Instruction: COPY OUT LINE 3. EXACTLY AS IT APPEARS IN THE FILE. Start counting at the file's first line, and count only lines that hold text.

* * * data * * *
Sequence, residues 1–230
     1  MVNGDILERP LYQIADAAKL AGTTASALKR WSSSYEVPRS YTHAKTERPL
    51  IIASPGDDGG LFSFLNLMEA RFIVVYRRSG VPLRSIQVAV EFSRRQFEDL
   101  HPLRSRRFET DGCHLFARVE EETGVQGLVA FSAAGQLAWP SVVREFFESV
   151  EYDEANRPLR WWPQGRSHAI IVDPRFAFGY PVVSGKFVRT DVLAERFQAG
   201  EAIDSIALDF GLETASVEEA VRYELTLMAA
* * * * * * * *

    51  IIASPGDDGG LFSFLNLMEA RFIVVYRRSG VPLRSIQVAV EFSRRQFEDL